Phil Walker on Virat Kohli’s epic hundred at Edgbaston that silenced the few doubters left remaining.
Virat Kohli: 149 (225 balls, 22x4s, 1x6s), England v India, 1st Test, Edgbaston, August 2
The talking was over, the phoney war done. The No.1 team against the impregnable home force. Root and Kohli, old worlds and new. World cricket’s glamour tie.
That 2014 series, and its murmurs of Jimmy-phobia, may have occurred several lifetimes ago, but still there was no way around it: He’d never made a fifty in England. The summer of Virat was upon us.
Edgbaston, early August. First Test of five. A dry summer had given rise to hazy theories that it would grip and rip. Did it? Not really. Certainly not much. But it seamed; of course it seamed.
England had first go. Root cruising, England building, when Kohli gathers at mid-wicket, turns on a dime and throws down the stumps, mocking the ‘bat-drop’ as Root trudges off. The rest just fall away. All out for 287.
India’s openers ease into their work. The half-century stand an unperturbable stroll. Sam Curran is thrown the ball. He hitches his shirt sleeves up, plumps up his floppy fringe, and cleans up the top order. From 50-0 India are 59-3. Kohli is in the building.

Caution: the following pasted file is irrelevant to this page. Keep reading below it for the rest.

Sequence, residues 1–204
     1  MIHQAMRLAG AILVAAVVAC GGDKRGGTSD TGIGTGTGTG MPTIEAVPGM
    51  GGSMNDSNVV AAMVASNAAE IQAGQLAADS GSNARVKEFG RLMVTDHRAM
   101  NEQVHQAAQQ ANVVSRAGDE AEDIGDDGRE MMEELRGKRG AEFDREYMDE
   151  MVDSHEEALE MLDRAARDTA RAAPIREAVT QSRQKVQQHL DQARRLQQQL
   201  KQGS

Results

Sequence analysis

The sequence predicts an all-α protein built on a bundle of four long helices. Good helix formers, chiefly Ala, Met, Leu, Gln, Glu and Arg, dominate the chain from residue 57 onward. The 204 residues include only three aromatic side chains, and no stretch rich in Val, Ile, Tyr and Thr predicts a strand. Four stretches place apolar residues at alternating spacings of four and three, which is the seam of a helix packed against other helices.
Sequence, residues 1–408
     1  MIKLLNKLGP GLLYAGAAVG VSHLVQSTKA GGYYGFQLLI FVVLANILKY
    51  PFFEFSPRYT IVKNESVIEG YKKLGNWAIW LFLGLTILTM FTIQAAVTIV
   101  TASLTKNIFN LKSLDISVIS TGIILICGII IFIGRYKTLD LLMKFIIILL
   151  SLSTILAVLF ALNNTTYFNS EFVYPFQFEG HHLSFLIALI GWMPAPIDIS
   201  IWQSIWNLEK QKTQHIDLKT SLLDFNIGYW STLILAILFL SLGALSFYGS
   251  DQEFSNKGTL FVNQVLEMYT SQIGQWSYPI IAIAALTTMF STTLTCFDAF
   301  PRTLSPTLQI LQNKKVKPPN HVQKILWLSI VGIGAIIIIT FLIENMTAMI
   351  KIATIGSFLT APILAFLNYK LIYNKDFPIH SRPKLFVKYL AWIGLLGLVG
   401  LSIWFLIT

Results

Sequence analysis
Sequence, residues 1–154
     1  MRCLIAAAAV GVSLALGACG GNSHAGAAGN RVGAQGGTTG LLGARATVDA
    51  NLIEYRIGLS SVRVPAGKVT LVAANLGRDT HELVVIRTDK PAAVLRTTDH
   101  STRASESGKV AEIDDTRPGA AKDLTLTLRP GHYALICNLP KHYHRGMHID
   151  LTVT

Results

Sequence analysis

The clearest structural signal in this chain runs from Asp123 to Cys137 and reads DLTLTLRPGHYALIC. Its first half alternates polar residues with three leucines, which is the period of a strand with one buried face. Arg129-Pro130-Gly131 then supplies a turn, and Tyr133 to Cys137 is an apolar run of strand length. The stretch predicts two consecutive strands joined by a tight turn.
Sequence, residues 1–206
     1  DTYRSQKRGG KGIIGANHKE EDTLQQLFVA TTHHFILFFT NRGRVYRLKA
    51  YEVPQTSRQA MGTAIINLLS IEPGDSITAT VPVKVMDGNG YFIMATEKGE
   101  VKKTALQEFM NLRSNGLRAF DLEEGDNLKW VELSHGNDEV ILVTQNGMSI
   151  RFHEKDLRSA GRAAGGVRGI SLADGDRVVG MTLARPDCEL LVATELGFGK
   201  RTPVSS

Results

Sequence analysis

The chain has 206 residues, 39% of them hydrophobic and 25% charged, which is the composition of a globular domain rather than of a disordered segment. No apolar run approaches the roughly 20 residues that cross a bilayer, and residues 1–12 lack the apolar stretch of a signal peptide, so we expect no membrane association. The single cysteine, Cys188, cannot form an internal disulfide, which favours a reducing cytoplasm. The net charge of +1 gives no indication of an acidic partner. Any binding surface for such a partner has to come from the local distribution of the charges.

To begin with he’s almost comically circumspect, blocking and then shadow-blocking, leaving and leaving and leaving again, growling at the suggestion of a false move. To Anderson he is deferentially cautious, exaggerating his defence to the moving ball, swerving the bumps and riding his luck.
And luck there was. On 21, in the midst of one of those Test-match passages that tend to stay with the watcher longer than the contents of entire world tournaments, he edges Anderson to second slip, where Dawid Malan, struggling for runs, the mind cluttered, stares at his hands, and then at the floor.
Anderson would spend a whole summer trying in vain to get him out.
Suddenly he kicks into gear. The checked-checked drive his signature. Another half-chance at 59, again to Malan; but thereafter it’s magisterial.
No one could stay with him. No one else could get to 30, so Kohli did the lot. He is in the eighties when the No.11, Umesh Yadav, joins him. India still 70 runs behind.
Nobody runs harder than Kohli. Nobody bats with the tail like Kohli. No one dominates an arena like Kohli – not since Lara, not since Viv – and only maniacs desire it more. The balance of power shifts in minutes. Even the hundred itself, sealed with a kiss on his wedding finger and blown along the blade of his bat to his wife, the Bollywood actress Anushka Sharma, is an alpha masterclass.
Then he cuts real loose. With the field scattered, he scampers and plots his way towards England’s score. A joke shot to bring up his first six, pull-driving a respectable leg-break over long-on off the back foot, precedes his final act, a skewed cut shot one shy of his 150. One of the knocks of the century, by the century’s best. And he knows it.